#1
Hello all,

Hope this is the right sub-section of the forum.

I recently won an Epiphone Les Paul Plain top from Sam Ash. STill sounds like a Les Paul, but I'm curious as to how one could Mod an Epiphone Les Paul (although I realize it will never quite sound like its gibson counterpart.....)

I've considered changing pickups....
#2
I'd definitely change the pups and also much of the electronics such as the pots and the capacitors. For pots i'd go with CTK or Alpha and just replace the ceramic cap with a small mylar cap of the same value (0.022uF) (Spraque orange drops are popular). I might also think of replacing the plastic nut, and if the guitar's heavy also replacing the straplocks. Most of this stuff just makes the guitar more comfortable and better to play and makes it last longer... Short of changing the wood, the pups are your best bet for getting better tone.
#4
woah people, first off we don't know the sound he/she wants, and secondly you aren't helping out his confusion.


original poster/thread starter. just pm me if you want to know some of the things you can do to the guitar.
#5
Quote by mattchoignr
You should change Pickups and your bridge and possibly tuners

Do that, the nut, and the electronics, and that's 90% of the difference. Play through some distortion and it'll be hard to tell the difference blind.
#6
Quote by matt154
I'd definitely change the pups and also much of the electronics such as the pots and the capacitors. For pots i'd go with CTK or Alpha and just replace the ceramic cap with a small mylar cap of the same value (0.022uF) (Spraque orange drops are popular). I might also think of replacing the plastic nut, and if the guitar's heavy also replacing the straplocks. Most of this stuff just makes the guitar more comfortable and better to play and makes it last longer... Short of changing the wood, the pups are your best bet for getting better tone.


Hi Matt 154, since I'm completely new to modding guitars (i've always played stock!), what would you say the main differences will be if I replace the pots and capacitors? Is it a matter of durability, or in what way will the sound be improved?

Thanks
#7
Quote by mattchoignr
You should change Pickups and your bridge and possibly tuners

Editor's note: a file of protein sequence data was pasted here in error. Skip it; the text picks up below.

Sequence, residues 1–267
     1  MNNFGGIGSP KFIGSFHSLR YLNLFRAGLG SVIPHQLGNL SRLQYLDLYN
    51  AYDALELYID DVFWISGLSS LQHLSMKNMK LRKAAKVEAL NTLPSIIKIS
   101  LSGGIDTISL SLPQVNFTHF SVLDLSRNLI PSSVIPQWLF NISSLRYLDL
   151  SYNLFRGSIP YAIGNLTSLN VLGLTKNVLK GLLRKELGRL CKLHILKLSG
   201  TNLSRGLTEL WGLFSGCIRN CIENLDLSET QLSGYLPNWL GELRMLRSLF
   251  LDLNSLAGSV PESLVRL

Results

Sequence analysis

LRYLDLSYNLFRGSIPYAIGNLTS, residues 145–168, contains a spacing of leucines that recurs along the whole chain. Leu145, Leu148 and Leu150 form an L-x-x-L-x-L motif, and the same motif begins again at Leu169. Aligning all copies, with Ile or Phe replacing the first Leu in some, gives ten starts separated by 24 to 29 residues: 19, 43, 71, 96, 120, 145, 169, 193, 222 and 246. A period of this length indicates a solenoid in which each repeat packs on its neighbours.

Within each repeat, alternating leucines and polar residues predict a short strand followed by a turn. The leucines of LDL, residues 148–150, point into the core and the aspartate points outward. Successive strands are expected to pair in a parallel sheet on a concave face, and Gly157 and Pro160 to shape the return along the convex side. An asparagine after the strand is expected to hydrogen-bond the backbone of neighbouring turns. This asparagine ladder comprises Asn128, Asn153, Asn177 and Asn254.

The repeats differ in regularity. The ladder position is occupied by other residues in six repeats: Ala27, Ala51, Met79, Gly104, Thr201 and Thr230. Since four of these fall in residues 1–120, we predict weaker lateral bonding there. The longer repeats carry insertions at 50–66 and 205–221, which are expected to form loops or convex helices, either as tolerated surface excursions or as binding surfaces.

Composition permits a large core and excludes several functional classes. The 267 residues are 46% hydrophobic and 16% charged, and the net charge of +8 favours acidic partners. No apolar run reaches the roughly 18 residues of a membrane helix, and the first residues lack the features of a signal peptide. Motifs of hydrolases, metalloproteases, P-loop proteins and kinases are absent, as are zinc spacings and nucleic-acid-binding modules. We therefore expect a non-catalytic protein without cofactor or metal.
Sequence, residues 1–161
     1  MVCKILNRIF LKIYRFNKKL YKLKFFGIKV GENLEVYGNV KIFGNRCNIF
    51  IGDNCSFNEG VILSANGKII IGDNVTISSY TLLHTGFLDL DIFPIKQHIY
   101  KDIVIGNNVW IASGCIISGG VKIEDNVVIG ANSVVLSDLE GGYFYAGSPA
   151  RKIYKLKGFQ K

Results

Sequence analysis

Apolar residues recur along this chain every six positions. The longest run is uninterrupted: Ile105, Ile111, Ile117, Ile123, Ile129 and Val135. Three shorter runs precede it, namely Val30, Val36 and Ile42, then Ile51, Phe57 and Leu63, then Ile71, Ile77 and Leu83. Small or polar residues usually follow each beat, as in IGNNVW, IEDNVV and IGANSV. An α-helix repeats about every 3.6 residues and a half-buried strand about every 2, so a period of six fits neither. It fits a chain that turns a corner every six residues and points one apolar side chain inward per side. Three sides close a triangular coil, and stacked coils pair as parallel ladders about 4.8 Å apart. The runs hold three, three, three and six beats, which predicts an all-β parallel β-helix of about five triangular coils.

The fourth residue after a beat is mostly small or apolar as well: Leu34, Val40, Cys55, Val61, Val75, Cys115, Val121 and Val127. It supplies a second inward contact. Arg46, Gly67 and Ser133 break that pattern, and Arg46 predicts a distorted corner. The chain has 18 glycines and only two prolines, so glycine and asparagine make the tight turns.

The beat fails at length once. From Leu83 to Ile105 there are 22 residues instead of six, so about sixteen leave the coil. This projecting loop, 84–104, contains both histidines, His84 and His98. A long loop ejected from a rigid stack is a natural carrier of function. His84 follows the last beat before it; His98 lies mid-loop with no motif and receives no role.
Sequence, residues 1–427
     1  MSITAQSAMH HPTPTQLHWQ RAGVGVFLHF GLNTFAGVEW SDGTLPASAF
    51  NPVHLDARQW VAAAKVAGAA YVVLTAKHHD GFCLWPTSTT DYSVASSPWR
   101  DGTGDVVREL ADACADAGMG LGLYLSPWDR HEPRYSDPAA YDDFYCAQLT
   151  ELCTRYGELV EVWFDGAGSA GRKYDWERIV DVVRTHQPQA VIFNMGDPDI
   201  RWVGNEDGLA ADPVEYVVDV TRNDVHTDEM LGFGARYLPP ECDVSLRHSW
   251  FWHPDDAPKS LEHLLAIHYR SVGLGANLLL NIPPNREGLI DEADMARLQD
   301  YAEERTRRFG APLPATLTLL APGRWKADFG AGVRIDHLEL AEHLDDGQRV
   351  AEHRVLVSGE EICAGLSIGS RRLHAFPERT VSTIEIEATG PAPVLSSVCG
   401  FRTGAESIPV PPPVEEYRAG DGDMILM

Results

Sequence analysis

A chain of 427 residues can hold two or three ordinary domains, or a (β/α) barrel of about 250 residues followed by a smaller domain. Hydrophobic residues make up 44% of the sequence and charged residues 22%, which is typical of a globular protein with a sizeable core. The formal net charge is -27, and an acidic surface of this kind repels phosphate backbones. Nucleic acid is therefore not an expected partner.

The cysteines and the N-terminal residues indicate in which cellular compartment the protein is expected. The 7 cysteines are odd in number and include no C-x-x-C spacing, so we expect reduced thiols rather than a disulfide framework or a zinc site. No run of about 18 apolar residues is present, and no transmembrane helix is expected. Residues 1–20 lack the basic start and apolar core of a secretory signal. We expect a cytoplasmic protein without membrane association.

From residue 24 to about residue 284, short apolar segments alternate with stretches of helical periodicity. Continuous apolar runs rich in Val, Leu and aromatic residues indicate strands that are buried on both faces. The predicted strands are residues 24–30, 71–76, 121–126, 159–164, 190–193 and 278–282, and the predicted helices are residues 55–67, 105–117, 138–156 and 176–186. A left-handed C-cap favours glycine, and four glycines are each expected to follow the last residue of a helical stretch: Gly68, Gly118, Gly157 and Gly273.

Well, it already has Grovers......

Also, I'm scared that changing the pickups will leave you with pickups that, due to being foreign to the instrument, will cause buzzing and other related problems....
#8
Quote by Legsilver
Hi Matt 154, since I'm completely new to modding guitars (i've always played stock!), what would you say the main differences will be if I replace the pots and capacitors? Is it a matter of durability, or in what way will the sound be improved?

Thanks


The stock epiphone electronics such as pots and switches are crap IMO.
Replace for better durability.
Replacing the caps with the same value of a different brand, may or may not make a difference.

And new pickups, as long as they are installed and setup properly (height etc) should cause no new problems like buzzing.
Last edited by CodeMonk at Aug 8, 2011,
#9
I tend to replace the caps mostly out of hatred for the ceramic ones. I've had plenty chip while making changes to pots and wiring so it's worth getting better ones. Like codemonk said most of the changes are for durability. The pups will give the biggest tone difference. Replacing the nut and bridge tends to affect sustain and also tone slightly.
#10
Quote by Legsilver
Well, it already has Grovers......

Also, I'm scared that changing the pickups will leave you with pickups that, due to being foreign to the instrument, will cause buzzing and other related problems....


That really shouldn't be a concern. I've replaced lots of pups in my career and I've never had a problem with buzzing (that is, when replacing 'buckers with better 'buckers). If you do have a buzz after replacing your stock Epi humbuckers with, say, Seymour Duncans, it is probably be because of the wiring, not the pups themselves. That said, if you wanted to replace the stock pickups with a single-coil, then you would get a buzz. If your project goes badly, and there is a buzz that even a seasoned professional can't fix, I was just get a noise reducer (you can get these at a Sam Ash or Guitar Center). But there really is a very low chance of anything like that happening. So go for it.